The parallel I want to draw today is how the jealous wife’s taunting did indeed reduce Hannah mentally and emotionally and cause her to lose her appetite for a while.  Burned her out.  For years, actually.  And what I see as I read this first chapter is how the enemy (yes, I belive there is a devil…the Bible calls him a thief who comes to steal, kill and destroy) sees our value to God, despite our ability to perform or produce, and he wants to reduce us.  Diminish us.  So he taunts us in so many ways.  Mostly with thoughts and words fixed on telling us how unworthy we are…how we cannot change…how our efforts are futile…how God could not possibly love or accept us…how we can never really escape the past…how our future is hopeless…how we just simply will never be content with our lives…and on and on and on.  The taunting, in time, reduces and diminishes the person God means for us to be.  We become burned out in our circumstances and burned out with our own mental struggle in dealing with this taunting reel of self-doubt and accusation.  We lose our appetite for change, for the future, for holding on.  Lose our very appetite to know God.

So, like Elkanah, I would like to give you a pep talk if you are feeling burned out, reduced and diminished.  And then you must choose to pull yourself together, if only for a few minutes, and slip away to pour out your heart to Creator.  Go ahead and “enter the sanctuary” of God’s presence even if you, like Hannah, feel completely hopeless or perhaps feel neglected by God.  It’s okay.  He can handle it.  So, wanna know what Elkanah said?

Oh, Hannah, why are you crying? Why aren’t you eating? And why are you so upset? Am I not of more worth to you than ten sons?

When I first read this, I thought maybe God is asking us, Am I not of more worth to you than what you don’t have?  But when I look a little deeper what I see is not that Elkanah is frustrated with Hannah because she is not satisfied or because she is discontent.  I see that Elkanah loves Hannah so much, with or without sons, that he is longing for her to love him back so fully.  And this, for me, seems to be the heart of God toward us.  He loves us so completely,  just the way we are…discontent, reduced, frustrated…and He longs for us to love Him back.  I don’t think God is offended with us.  I think He is a love-sick Savior, longing for relationship in the midst of our real-life struggles.  In the midst of burn-out He longs to give us fresh hope.  Be our fresh hope.  Certainly God could have given Hannah a child all those years she was putting up with Peninnah’s taunting and put a stop to it.  But God wanted Hannah’s heart…her love…all of her.  He wants us to know His love is worth far more than ten sons.  Not so we are put into our spiritual place.  But so we can be free from the taunting of the enemy.  So we know, for sure and for certain, our God does not just love us.  He longs for us to love Him back.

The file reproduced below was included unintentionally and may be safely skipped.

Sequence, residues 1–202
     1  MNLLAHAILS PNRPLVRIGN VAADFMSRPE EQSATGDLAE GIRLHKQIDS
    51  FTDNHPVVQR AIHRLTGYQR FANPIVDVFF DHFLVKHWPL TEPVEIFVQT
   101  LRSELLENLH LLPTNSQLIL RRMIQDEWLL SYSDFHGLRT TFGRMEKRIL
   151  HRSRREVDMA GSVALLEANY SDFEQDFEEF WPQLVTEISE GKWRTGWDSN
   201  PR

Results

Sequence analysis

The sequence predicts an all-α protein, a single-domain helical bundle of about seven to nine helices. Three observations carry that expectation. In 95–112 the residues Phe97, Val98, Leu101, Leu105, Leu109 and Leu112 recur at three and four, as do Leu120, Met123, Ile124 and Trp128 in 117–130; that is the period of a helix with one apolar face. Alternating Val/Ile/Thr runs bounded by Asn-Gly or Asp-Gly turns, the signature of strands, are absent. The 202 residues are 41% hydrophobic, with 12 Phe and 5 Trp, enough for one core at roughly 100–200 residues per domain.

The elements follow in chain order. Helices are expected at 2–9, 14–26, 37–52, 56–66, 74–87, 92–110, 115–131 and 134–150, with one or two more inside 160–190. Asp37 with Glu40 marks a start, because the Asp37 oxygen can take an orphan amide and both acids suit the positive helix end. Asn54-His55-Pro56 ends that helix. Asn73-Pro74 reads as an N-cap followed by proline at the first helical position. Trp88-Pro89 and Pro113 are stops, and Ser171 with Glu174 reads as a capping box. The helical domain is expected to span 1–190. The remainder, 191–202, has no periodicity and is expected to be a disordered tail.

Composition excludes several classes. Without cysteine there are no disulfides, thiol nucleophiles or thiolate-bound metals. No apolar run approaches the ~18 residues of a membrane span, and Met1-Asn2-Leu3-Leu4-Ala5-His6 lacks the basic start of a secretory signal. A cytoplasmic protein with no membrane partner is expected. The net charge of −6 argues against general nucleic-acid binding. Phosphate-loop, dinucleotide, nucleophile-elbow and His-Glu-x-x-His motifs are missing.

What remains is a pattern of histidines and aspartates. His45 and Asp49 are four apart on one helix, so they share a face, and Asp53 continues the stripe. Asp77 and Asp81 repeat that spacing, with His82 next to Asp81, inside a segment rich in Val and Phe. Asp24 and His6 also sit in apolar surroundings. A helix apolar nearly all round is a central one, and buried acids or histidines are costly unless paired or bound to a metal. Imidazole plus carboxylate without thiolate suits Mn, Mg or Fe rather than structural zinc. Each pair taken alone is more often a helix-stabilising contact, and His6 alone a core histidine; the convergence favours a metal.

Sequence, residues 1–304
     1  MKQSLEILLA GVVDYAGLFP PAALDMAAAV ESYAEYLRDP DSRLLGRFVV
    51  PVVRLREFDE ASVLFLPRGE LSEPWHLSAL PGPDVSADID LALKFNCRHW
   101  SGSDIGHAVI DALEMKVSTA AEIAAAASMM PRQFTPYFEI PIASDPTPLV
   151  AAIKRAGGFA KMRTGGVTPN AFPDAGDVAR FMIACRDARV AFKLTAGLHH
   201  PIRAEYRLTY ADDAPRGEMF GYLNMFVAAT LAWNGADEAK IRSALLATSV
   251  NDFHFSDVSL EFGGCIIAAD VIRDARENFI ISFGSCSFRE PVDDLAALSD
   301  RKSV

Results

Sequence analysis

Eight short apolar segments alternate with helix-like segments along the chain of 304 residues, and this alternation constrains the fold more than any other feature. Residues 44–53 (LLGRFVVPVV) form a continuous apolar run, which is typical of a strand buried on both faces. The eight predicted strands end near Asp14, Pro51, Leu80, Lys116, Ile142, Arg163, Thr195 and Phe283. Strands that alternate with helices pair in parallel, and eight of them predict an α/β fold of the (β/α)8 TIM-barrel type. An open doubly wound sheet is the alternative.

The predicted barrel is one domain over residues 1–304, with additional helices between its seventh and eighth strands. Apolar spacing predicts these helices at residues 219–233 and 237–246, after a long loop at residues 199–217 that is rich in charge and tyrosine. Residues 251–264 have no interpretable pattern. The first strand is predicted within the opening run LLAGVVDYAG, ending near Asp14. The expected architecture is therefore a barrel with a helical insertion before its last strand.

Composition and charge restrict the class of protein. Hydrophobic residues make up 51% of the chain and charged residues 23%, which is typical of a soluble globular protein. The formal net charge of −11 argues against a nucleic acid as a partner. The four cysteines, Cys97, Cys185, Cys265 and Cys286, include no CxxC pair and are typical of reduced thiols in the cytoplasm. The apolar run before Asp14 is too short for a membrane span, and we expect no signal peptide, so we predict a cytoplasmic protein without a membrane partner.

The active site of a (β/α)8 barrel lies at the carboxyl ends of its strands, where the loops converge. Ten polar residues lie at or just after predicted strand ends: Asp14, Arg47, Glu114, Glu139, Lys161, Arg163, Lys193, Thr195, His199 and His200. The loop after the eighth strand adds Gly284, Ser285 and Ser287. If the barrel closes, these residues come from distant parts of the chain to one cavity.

Maybe you’ve been taunted for years mentally in some area.  Maybe like Hannah, you feel reduced and diminished.  Unworthy.  Perhaps you even feel neglected by God and burned out with fighting off the mental-fatigue.  The hoping.  The need.  The discontent.  I invite you to read the second chapter of  1st Samuel, Hannah’s prayer of praise.  Certainly she was overjoyed at His answer to her prayer.  But when you read her words they are all about God.  Things she now knows to be true of Him.  Oh yes, I believe her greatest treasure was not the son she bore but the dizzying love that grew in Hannah’s heart for her Creator.

Near burn-out rekindled with Fresh Hope.